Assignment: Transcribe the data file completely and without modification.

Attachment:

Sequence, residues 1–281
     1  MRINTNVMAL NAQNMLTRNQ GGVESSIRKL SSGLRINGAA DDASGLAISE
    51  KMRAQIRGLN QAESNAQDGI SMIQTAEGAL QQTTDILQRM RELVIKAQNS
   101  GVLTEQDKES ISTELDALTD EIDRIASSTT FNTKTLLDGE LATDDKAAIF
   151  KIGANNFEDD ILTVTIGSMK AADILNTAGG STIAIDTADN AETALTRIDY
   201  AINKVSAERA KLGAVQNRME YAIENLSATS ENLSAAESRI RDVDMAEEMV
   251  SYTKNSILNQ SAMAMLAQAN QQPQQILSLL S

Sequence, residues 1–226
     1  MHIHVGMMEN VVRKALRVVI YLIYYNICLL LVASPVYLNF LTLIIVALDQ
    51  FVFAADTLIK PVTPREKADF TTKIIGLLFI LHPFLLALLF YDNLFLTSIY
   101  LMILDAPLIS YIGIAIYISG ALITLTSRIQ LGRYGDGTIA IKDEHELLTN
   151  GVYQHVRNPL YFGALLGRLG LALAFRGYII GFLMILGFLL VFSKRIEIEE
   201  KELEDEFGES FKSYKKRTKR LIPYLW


Sequence, residues 1–281
     1  MRINTNVMAL NAQNMLTRNQ GGVESSIRKL SSGLRINGAA DDASGLAISE
    51  KMRAQIRGLN QAESNAQDGI SMIQTAEGAL QQTTDILQRM RELVIKAQNS
   101  GVLTEQDKES ISTELDALTD EIDRIASSTT FNTKTLLDGE LATDDKAAIF
   151  KIGANNFEDD ILTVTIGSMK AADILNTAGG STIAIDTADN AETALTRIDY
   201  AINKVSAERA KLGAVQNRME YAIENLSATS ENLSAAESRI RDVDMAEEMV
   251  SYTKNSILNQ SAMAMLAQAN QQPQQILSLL S

Sequence, residues 1–226
     1  MHIHVGMMEN VVRKALRVVI YLIYYNICLL LVASPVYLNF LTLIIVALDQ
    51  FVFAADTLIK PVTPREKADF TTKIIGLLFI LHPFLLALLF YDNLFLTSIY
   101  LMILDAPLIS YIGIAIYISG ALITLTSRIQ LGRYGDGTIA IKDEHELLTN
   151  GVYQHVRNPL YFGALLGRLG LALAFRGYII GFLMILGFLL VFSKRIEIEE
   201  KELEDEFGES FKSYKKRTKR LIPYLW